Classifying a position as exempt from overtime

Can an employee sign a contract agreeing a position is exempt from overtime?

Brian Johnston

Question: If an offer of employment states, “this position is classified as exempt, which means this position is not entitled to overtime pay,” and the employee accepted the offer with that condition, would that cover the company from not having to pay overtime pay or does employment standards legislation always dictate what positions are exempt from overtime?

Answer: Employment standards legislation in every province contains specific exceptions to overtime entitlements. For example, under Ontario’s Employment Standards Act, 2000, exempt persons include: qualified practitioners or students of several specifically enumerated professions; teachers or student teachers; commercial fishermen; persons in specified agricultural or horticultural pursuits; full-time firefighters, and a number of others. Similar exceptions can be found in the legislation of each province. As labour standards legislation is designed to protect individual workers by setting a number of minimum standards for the workplace, contracting out of these protections is generally prohibited. The Ontario act stipulates “no employer… and no employee shall contract out of or waive an employment standard and any such contracting out or waiver is void.”

Accordingly, it is safe to presume employment standards legislation always dictates what positions are exempt from overtime, with limited exceptions. In some jurisdictions, legislation permits employers and employees to negotiate “overtime agreements,” which allow employees to take time off with pay instead of receiving overtime pay. The legislation stipulates there must be a written or collective agreement between the employer and the employees to this effect, and a copy of the agreement must be provided to each affected employee.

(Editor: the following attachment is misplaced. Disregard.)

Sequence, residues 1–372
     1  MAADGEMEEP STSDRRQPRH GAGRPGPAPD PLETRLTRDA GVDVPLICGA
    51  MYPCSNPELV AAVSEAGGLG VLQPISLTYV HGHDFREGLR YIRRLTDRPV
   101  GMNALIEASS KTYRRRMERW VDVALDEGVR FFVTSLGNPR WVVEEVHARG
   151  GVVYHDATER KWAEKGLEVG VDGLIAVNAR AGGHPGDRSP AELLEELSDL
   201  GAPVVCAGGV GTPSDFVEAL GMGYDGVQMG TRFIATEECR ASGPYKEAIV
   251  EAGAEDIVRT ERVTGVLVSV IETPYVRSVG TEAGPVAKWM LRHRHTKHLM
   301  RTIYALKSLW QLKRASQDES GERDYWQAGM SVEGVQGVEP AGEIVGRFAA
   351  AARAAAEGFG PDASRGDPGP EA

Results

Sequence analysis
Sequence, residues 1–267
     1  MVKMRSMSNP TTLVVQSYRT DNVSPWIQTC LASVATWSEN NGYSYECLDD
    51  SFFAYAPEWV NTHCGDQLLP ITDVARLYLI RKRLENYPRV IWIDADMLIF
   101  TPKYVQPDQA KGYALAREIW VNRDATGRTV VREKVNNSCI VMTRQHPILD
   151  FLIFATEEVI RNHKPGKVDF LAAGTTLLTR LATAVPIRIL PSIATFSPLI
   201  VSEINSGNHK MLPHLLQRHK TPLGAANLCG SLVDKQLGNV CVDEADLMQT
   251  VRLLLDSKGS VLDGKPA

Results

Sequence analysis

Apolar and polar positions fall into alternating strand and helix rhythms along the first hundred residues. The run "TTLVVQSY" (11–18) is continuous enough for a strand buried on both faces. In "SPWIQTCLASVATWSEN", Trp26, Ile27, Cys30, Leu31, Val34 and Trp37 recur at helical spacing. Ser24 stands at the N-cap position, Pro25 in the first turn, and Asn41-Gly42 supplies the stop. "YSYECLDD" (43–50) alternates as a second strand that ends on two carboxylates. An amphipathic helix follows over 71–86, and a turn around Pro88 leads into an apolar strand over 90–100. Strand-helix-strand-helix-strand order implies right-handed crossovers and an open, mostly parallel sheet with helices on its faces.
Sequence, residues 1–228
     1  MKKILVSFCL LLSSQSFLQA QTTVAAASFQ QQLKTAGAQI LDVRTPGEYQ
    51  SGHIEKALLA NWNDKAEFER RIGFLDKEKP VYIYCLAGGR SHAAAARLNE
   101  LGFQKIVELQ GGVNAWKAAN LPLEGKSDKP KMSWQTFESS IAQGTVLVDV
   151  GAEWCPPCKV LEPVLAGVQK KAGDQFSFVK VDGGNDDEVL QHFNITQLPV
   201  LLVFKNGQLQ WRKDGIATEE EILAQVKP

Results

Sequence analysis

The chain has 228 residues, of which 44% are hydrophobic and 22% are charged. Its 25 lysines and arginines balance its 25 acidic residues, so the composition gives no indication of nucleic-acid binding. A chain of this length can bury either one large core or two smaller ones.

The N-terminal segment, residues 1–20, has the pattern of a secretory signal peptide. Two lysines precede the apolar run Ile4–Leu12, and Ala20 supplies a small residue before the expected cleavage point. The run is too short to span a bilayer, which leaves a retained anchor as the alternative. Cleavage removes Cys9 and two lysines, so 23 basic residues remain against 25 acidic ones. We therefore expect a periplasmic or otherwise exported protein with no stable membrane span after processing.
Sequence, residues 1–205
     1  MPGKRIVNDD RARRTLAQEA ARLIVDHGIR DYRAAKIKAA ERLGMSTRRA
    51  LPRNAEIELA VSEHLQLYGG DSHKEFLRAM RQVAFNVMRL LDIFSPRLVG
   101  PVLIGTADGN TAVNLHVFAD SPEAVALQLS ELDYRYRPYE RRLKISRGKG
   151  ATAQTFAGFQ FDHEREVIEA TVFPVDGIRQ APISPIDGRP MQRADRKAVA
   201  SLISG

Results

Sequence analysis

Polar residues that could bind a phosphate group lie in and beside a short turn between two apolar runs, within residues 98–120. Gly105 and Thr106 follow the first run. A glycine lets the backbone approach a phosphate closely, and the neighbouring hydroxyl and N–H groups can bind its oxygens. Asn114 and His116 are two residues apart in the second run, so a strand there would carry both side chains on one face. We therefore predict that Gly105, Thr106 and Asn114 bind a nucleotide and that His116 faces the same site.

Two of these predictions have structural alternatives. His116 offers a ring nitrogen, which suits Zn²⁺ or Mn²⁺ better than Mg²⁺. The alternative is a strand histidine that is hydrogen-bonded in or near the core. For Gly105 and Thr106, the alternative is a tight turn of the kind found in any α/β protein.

While such situations do represent a right to contract out of overtime pay, this right is not absolute. For example, paid leave must generally be taken within three months of the work week in which the overtime was earned. If employment ends before the paid time off is taken, or if the employee did not receive paid time off by the end of the period she was entitled to take it, the employer is still required to pay the employee for the overtime hours that were worked. In British Columbia, the employee may at any time request the employer pay all or part of banked overtime hours, despite the existence of such an overtime agreement.

Brian Johnston is a partner with Stewart McKelvey in Halifax. He can be reached at (902) 420-3374 or [email protected]

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